File locking & device drivers
Wed May 15 20:00:27 CEST 2002
> There is a mechanism in the Erlang emulator (virtual machine) that
> compensates for this problem. A process that sends a message to another
> process with a large message queue gets punished with getting sheduled
> out sooner. This mechanism diminsishes this producer/consumer problem.
That's a very useful bit of information. I don't think I've
come across it in my reading of Erlang book/documentation, though.
My first reaction was: great, that's the sensible thing to do.
Then I wondered: wait a second, doesn't Erlang use *selective
reading* of message queues? It wouldn't be great programming
style, and I think it's explicitly recommended in the design
guidelines to keep message queues clear, but what if that
receiver with the large message queue is not busy processing
the pending messages, but is waiting for that specific message
to come in before dealing with the rest of the queue? Or, what
if I have a server with several clients, one of which happens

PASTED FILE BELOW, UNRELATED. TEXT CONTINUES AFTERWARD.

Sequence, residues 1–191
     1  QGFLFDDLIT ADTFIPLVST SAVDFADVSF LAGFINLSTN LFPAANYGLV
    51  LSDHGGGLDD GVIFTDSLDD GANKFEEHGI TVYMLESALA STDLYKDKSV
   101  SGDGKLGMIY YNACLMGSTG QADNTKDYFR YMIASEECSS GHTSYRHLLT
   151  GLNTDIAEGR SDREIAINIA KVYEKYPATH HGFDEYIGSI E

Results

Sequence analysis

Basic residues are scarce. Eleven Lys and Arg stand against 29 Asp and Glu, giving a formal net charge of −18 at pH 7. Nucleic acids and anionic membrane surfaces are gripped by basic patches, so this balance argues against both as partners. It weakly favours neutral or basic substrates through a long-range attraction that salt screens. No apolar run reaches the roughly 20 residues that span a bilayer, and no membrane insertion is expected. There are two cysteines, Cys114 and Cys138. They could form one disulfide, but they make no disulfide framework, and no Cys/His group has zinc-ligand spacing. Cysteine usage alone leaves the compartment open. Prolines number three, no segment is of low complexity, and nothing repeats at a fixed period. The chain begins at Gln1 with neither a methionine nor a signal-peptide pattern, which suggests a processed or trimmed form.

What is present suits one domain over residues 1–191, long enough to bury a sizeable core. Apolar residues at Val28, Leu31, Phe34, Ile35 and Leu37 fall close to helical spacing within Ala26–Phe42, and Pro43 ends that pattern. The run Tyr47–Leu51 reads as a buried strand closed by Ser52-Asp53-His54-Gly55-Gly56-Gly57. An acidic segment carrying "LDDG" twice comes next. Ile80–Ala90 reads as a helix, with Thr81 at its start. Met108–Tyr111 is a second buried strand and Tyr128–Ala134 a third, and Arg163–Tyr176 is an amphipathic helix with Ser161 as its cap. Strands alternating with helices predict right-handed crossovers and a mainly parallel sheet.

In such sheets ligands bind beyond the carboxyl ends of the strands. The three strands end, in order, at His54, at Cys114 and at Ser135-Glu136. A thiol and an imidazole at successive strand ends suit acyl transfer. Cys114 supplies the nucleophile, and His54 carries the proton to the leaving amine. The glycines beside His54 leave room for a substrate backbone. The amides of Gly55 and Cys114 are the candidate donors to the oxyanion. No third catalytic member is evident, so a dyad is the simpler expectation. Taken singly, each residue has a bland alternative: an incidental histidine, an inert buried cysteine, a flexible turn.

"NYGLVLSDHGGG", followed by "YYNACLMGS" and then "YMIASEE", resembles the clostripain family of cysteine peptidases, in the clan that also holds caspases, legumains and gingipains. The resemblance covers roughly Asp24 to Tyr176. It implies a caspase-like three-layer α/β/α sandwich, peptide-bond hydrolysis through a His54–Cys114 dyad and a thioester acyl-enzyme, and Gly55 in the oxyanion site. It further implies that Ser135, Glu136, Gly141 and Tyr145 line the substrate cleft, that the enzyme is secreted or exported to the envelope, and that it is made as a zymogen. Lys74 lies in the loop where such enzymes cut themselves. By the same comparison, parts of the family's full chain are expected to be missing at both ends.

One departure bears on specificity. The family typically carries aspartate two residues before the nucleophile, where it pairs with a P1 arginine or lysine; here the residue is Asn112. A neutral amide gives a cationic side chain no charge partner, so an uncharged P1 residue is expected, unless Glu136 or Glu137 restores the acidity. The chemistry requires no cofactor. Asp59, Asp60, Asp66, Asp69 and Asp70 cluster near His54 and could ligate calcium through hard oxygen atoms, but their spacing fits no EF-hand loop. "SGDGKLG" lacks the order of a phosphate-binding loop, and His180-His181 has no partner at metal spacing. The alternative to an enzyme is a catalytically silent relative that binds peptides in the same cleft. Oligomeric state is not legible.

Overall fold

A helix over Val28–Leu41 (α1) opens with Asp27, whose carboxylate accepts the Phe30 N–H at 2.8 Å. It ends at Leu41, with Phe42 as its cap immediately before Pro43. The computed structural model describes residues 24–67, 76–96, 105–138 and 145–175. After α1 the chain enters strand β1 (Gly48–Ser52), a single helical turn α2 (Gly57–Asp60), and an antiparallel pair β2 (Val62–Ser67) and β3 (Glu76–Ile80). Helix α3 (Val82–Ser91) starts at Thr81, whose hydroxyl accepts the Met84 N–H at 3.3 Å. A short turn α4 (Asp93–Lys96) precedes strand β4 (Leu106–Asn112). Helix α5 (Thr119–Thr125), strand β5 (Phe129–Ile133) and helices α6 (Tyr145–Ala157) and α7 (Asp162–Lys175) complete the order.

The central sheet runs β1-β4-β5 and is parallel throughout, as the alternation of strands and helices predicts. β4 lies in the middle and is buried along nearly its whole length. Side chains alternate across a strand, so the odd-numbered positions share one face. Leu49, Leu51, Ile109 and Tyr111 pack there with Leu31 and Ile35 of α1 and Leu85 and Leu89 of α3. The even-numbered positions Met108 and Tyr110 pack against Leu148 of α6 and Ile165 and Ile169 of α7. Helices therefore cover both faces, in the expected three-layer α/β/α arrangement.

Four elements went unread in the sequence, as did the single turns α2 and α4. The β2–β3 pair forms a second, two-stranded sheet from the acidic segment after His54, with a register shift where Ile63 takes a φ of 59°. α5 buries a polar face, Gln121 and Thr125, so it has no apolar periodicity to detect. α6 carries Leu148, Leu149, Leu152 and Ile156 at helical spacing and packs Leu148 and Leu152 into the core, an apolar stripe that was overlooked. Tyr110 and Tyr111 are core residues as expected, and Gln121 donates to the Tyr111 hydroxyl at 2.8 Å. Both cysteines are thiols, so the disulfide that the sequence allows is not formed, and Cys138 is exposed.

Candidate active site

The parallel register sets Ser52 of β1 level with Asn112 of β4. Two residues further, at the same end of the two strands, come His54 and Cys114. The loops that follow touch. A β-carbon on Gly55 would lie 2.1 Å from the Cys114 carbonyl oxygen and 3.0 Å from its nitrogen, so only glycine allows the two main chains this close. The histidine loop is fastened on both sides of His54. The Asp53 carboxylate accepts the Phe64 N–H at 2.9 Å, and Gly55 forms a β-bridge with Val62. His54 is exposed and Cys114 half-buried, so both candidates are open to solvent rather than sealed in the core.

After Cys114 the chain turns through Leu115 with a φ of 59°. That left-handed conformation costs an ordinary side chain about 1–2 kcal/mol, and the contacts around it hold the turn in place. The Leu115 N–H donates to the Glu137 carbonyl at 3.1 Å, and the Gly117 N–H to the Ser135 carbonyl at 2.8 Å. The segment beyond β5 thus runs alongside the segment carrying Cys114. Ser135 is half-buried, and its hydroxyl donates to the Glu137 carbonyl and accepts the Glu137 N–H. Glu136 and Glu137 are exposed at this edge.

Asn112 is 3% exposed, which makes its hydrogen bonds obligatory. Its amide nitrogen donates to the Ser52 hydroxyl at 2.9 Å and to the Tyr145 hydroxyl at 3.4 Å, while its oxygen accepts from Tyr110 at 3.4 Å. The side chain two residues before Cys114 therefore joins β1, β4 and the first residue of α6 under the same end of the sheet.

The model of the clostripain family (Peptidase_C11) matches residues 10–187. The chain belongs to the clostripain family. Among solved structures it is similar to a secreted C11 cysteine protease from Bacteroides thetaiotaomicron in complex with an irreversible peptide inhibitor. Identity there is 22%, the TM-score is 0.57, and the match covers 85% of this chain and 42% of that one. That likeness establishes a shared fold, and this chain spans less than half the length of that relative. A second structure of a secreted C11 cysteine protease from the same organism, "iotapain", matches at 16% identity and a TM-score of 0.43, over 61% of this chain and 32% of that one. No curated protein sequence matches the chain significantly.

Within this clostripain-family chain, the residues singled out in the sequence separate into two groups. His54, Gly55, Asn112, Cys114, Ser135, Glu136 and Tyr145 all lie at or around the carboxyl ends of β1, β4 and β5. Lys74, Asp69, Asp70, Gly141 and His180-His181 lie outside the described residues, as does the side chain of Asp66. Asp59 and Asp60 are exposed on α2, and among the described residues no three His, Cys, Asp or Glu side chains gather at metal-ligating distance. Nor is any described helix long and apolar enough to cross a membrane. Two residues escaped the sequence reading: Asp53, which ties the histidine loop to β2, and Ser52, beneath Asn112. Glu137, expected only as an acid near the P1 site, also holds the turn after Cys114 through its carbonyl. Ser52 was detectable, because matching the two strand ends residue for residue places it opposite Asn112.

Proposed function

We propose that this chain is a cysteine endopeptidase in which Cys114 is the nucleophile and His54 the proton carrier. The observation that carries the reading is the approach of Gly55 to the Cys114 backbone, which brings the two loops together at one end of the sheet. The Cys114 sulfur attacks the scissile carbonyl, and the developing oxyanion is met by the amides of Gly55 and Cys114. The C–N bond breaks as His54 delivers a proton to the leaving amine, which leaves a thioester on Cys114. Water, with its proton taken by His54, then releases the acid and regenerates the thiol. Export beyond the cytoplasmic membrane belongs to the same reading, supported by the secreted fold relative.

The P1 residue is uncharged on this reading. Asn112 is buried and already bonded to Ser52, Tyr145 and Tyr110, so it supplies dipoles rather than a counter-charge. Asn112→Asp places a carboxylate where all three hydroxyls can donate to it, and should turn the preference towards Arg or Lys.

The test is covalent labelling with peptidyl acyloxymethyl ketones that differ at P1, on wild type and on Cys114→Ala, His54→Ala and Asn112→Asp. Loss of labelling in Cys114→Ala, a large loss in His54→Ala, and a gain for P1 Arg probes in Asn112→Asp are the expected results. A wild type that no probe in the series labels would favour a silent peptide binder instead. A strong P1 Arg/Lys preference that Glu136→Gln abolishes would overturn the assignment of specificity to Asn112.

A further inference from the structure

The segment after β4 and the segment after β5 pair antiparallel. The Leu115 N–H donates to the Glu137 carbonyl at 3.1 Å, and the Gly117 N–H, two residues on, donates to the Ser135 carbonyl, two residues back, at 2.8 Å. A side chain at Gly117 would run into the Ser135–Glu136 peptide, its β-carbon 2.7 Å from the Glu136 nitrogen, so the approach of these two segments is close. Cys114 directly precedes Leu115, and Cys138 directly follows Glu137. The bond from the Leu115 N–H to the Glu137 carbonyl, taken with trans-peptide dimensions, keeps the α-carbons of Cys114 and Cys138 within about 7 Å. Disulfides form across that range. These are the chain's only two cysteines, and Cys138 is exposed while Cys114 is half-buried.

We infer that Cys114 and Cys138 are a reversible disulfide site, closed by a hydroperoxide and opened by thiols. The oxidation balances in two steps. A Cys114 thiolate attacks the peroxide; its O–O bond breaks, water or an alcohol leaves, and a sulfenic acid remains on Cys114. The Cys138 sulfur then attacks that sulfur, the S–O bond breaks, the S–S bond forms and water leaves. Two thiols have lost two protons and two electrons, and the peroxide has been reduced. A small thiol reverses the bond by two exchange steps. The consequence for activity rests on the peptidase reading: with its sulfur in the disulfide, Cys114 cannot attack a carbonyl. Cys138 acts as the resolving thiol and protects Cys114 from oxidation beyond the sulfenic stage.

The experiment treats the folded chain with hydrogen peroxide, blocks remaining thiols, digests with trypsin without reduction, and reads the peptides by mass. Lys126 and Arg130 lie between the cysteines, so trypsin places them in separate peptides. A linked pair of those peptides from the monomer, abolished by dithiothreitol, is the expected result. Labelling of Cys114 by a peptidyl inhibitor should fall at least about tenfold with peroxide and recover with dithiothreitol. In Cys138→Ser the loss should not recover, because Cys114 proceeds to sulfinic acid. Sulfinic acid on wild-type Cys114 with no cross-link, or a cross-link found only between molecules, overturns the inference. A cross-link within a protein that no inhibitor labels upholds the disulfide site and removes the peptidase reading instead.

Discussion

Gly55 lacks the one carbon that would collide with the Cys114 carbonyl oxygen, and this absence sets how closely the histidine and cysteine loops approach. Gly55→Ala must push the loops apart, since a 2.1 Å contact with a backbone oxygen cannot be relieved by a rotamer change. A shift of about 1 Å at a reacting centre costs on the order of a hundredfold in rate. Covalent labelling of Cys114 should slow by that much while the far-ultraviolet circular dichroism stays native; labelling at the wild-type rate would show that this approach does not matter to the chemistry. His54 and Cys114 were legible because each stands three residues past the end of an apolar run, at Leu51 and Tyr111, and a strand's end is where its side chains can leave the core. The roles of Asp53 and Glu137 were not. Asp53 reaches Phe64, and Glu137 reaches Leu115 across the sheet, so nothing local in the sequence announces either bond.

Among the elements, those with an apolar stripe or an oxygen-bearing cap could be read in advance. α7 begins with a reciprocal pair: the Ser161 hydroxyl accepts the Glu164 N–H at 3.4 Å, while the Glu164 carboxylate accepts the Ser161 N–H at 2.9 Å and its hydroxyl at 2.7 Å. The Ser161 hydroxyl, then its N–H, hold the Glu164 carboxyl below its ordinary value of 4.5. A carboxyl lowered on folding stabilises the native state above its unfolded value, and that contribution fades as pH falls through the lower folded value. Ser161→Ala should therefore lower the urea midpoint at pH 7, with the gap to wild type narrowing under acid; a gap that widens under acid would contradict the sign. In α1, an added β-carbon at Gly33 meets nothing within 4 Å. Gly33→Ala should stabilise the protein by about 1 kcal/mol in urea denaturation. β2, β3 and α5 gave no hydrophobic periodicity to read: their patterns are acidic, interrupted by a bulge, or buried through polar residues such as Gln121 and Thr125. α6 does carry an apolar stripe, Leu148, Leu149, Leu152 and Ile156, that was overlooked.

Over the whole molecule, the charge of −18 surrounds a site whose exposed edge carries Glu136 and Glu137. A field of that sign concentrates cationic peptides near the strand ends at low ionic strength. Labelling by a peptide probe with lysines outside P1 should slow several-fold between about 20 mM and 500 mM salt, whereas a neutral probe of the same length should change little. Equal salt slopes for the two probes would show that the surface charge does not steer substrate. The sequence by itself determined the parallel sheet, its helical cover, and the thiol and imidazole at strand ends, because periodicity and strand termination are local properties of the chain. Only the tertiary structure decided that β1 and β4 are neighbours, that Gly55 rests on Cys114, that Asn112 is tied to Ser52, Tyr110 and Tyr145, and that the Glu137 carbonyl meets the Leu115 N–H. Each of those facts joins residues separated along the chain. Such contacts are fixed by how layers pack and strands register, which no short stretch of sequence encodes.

to be lacking behind in processing its input queue - should
that really mean that the server gets scheduled out whenever
it has sent to that problematic client?
In brief: I think this scheduling behaviour should be
documented very early on in the Erlang learning materials,
together with rationale and consequences.
Meanwhile, where could I find a description of the current
scheduling behaviour (apart from the source;-)? I've seen
it described as "fair", but there are different interpretations
of fairness in this context, and some aspects will be
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